We make things all the time in this business … websites, digital bits of stuff, documents, and everything in between. I have found that as my career arc has moved forward (and admidtely upward) the amount of tangible stuff I make has decreased. I post all sorts of stuff quickly all over the place, but I have gotten very bad at pointing to the things I am most proud of and wanted to try and challenge that. I was reminded the other night that I even though I am not making the same kinds of things, I have been heavily involved in new forms of maker behavior the last few years and I feel like I need to reflect on that a bit today.
The other night I had the pleasure of hosting a group of the TLT Faculty Fellows at a dinner. Not all of our current and past Fellows could be there (for all sorts of reasons), but the ones that were there all greeted me with a giant smile, hearty handshakes, and hugs. We spent a few hours having some of the best and uplifting conversations I have had around our shared core values of teaching, research, learning, and technology. It was really what I needed in this moment.
Then today it hit me — I made that. I wrote a proposal several years ago that was basically laughed at … “no way faculty will want to hang out with IT people!” I didn’t listen. I modeled my ideas after the vision that I discovered a couple of years earlier while visiting the Berkman Center in Boston. I didn’t listen. That is the lesson. A lesson I need to start remembering more. There are times that you get to the point where you know too much to challenge the status quo — you fall into the “that will never work” crew. I need to stop listening — and I am talking about both to those around me pushing those messages and my own inner voice. I need to remember that not listening can lead to great and unexpected things.
TLT Fellows will play a critical role in the success of many initiatives across ITS. Fellows will become essential to the future of TLTâ€™s network as connecting points of intelligence, insight, energy, and knowledge-sharing. TLT Fellows will help to drive projects from within and to share fresh ideas and skills with the larger Penn State community. In addition to the two Fellow programs contained within this proposal, you will find a request for permanent funding for a related set of projects called Engagement Awards. Our goal for our Fellows is that they further work that we agree upon and help TLT create tangible outcomes that can be shared widely with the teaching and learning community through presentations, publications, and new services.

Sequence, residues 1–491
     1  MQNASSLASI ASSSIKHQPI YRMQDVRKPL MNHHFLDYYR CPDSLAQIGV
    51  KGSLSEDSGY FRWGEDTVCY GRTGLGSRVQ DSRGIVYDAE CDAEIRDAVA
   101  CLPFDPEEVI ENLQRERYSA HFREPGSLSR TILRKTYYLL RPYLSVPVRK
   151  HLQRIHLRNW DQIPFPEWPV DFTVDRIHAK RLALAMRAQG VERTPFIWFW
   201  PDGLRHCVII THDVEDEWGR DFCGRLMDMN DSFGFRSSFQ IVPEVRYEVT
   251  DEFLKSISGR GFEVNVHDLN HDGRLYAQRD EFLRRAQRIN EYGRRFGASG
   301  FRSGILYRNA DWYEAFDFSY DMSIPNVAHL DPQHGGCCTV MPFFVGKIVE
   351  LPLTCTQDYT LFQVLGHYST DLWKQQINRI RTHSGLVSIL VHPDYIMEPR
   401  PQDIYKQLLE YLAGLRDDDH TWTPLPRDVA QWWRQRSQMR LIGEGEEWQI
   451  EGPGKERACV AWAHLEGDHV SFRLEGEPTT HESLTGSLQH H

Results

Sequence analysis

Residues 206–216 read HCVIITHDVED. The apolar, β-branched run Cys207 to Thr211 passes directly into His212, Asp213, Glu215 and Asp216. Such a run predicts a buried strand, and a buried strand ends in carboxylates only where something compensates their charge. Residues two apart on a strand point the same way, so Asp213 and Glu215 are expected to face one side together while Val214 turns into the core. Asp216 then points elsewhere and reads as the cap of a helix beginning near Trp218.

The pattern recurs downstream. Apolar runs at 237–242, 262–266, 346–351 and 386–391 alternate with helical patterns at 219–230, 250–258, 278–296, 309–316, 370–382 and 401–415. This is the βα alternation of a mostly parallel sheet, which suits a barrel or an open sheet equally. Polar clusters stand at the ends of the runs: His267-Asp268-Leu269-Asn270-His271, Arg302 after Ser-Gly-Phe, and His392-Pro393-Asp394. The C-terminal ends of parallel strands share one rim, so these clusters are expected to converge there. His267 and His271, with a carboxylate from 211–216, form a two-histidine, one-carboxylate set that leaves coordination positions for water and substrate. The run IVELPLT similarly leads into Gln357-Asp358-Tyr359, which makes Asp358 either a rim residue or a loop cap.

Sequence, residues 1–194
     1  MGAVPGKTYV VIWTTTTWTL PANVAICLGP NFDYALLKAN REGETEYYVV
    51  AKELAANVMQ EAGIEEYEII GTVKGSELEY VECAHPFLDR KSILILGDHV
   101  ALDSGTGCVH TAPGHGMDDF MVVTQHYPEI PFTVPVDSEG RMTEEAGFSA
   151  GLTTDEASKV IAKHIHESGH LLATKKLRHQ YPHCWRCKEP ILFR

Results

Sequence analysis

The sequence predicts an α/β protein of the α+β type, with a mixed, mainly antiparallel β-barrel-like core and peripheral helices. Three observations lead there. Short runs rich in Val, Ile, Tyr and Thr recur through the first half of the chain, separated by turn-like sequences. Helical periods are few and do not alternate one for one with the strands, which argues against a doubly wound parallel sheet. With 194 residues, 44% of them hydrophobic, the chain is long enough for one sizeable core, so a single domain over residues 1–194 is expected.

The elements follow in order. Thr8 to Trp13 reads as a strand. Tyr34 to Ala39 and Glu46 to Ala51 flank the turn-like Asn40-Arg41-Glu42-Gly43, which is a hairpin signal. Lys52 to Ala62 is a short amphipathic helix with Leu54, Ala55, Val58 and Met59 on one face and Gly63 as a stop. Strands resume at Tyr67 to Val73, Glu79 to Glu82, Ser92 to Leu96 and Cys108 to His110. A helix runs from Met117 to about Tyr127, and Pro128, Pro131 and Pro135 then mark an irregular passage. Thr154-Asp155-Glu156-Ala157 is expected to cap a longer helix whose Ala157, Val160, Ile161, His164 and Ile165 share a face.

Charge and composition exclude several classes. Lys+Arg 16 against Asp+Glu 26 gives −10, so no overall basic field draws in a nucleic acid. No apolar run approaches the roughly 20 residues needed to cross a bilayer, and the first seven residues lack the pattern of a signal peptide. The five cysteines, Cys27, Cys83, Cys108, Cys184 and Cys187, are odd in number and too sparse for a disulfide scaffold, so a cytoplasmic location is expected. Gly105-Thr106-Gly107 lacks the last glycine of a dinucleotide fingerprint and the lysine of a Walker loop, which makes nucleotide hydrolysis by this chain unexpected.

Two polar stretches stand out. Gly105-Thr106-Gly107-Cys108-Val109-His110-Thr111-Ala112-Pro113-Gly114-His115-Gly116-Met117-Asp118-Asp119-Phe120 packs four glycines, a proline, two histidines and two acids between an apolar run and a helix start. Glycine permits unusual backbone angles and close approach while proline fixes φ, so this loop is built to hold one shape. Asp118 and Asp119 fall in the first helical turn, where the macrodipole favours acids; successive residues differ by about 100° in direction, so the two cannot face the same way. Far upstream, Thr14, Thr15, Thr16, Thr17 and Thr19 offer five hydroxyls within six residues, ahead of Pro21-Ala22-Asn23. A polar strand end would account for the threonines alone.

If you want a recipe for successfully engaging faculty on your campus, you need something like this. This isn’t secret sauce or anything as so many people do these kinds of things, but you need to care deeply about more than just the projects. You have to care about the people. This isn’t about money, it is about finding ways for people to make deep and meaningful connections — and trust me, that takes time. As I sat and listened to the group talk and laugh the other night I was struck by a sense of deep satisfaction. A satisfaction that comes from making something, a space that provides an opportunity to do the thing I value most deeply — connections to each other.
I could write a 12 step program on how to launch something like this, but I can boil it down to one simple thing — build a team that is so excited by thinking, sharing, and cultivating connections. Killer relationships will follow. Amazing inventions will happen. New forms of teaching practice will emerge. Innovations will go from thought to reality. And “that can’t work” will go to, damn this is awesome.
Finding a way to make space for connections is the thing that I am reflecting on today and so that is what you are going to get.
I know this is a miserable post — I haven’t taken the time to write in ages and it shows, but I need to start taking some stock in the things I am building and have built again. All of this is part of a larger eco-system of thought and action … I should get back to celebrating it and the people who have given so much to help make it real. I’ll consider this a step back onto that path.